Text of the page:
Risk management: What to do and what not to do?

Economics Contributor
Risk management
risk management strategies - avoid, ignore, reduce, accept, transfer or exploit - sketch on a tablet computer with stylus pen and espresso coffee cup against grunge wooden table. Photo : Dreamstime

In finance, the risk is the probability that the real outcome will be different from the predicted and expected results. The concept of ‘risk and return’ is that, the more the risk, the higher the expected returns. This is to compensate the investors for higher volatility.

In this feature article, we will discuss risk management and the major risks that Islamic banks face in their commercial operations and the ways in which they mitigate those risks.

Credit risk management:

This kind of risk is generically defined as the risk in which the counterparty fails to meet the obligations in accordance with the contract. This also includes the risk arising in the settlement of transactions.

But as Islamic financing is asset-backed and adequately collateralized, also, the title of ownership remains with the bank in Ijarah and Murabaha till the actual transaction is made. Thus, an Islamic bank has the choice of foreclosing the property or asset in the case of default.

How to manage credit risks:

1. Consider assets as collateral-

Any asset or property owned by the client can be considered as collateral. Though the ownership of the asset will be the client’s, he won’t be able to sell it without the financial institutions’ permission.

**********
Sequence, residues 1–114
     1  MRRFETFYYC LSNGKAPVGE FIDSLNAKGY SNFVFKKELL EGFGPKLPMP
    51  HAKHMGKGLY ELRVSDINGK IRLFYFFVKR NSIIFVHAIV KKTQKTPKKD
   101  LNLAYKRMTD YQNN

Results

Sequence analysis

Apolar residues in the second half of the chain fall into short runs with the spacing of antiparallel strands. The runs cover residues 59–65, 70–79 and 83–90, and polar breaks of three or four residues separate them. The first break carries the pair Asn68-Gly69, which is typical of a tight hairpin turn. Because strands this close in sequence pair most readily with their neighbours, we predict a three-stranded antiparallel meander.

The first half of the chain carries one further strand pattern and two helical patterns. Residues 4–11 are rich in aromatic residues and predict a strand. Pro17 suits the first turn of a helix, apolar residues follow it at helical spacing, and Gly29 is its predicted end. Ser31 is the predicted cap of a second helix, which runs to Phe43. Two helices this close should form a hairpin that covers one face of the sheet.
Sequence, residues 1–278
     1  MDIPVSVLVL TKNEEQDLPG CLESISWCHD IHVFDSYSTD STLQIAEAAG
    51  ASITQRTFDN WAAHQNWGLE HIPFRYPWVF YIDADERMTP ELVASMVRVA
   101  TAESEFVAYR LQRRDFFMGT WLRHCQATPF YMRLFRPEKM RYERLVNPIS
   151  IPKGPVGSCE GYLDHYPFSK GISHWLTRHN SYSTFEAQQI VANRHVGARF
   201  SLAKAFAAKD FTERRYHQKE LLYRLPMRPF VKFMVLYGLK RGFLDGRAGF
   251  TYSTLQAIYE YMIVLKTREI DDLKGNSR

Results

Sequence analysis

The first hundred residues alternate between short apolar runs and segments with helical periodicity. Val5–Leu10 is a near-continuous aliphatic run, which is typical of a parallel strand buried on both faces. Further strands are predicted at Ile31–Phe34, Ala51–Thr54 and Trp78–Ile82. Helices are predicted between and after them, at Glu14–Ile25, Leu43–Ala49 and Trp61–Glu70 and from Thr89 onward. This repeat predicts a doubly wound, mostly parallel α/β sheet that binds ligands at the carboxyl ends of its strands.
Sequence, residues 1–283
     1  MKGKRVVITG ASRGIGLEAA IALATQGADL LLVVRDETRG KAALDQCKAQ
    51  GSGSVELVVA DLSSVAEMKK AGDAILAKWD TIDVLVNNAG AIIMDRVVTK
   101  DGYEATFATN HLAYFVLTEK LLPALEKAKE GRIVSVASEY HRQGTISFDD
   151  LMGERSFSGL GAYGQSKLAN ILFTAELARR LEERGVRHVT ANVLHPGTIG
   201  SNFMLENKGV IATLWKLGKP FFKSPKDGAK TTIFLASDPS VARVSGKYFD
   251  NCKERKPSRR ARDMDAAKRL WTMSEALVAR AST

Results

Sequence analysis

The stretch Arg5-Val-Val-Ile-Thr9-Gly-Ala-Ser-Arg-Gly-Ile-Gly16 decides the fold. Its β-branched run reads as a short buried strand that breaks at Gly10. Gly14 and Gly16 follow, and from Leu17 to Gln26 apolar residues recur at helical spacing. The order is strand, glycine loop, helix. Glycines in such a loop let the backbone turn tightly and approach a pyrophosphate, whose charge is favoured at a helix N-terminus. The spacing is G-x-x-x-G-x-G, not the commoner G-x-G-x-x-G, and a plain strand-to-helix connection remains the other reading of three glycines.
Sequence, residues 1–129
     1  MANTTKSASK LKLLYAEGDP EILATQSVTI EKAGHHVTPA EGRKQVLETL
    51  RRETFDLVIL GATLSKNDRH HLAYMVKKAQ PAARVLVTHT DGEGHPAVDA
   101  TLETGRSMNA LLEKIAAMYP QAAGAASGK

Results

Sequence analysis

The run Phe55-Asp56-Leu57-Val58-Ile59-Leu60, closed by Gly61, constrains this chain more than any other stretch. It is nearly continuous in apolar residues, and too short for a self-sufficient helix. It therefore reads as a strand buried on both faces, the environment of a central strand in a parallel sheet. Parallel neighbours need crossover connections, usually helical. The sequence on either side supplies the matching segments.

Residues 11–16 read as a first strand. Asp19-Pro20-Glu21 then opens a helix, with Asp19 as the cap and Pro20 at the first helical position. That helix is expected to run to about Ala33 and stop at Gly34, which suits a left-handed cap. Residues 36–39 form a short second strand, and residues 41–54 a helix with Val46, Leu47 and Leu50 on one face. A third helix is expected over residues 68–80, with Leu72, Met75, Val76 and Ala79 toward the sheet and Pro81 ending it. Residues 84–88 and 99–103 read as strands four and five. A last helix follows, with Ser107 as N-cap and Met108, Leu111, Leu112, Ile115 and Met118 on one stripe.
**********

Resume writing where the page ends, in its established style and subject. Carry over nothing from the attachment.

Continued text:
2. Third party guarantee-

If the client’s guarantee is not reliable, then the financial institution can ask for a third-party guarantee.

3. Takaful-

Takaful is used to ensure an asset, be it movable or immovable. The cost of insurance is added back to the sale price or the rentals.

4. Hamish Jiddyah-

This is used as an alternative to the down payment and security deposit. It could also be used as a partial settlement price for the sale of the property. Though, any amount received in this at the initiation of the contract cannot be considered as income for that period.

Market risk management:

This kind of risk refers to risks coming from adverse shifting in interest rates, commodity prices and FX rates. This risk is also present in Murabaha, Ijarah, and Salam.

How to manage market risks:

1. Permissible parallel contract-

To reduce the storage risk and avoid inventory pricings, parallel contracts can be done for the same date in the case of Salam.

2. Binding promise-

A binding promise which is one-sided can be considered to ensure contract enforcement. It can be considered also to guarantee seriousness on the client’s end before the financial institutions invest depositor’s funds for providing financing.

Equity risk management:

This kind of risk refers to sudden negative changes in the market value of equity which is held for investment purposes. It includes Mudarabah and Musharakah.

How to manage equity risks:

1. Diversify capital contribution

2. Use restricted Mudarabah

3. Use Musharakah more if possible

4. Plan exit strategies minutely

Liquidity risk management:

This kind of risk is the potential loss to the Islamic banks. This comes from their inability to fulfill their obligations due to severe losses.

How to manage liquidity risks:

1. Increase non-remunerative deposits which will reduce the cost of raising funds from the clients. It is better to have a widespread deposit base.

2. It is better to finance marketable properties on a priority basis that have a secondary market. Also, which are standardized and very much used in the real sector of the economy.

Every saving and investment has different risks and returns. One must focus and analyse minutely before investing. Risk management is the key to successful investment.

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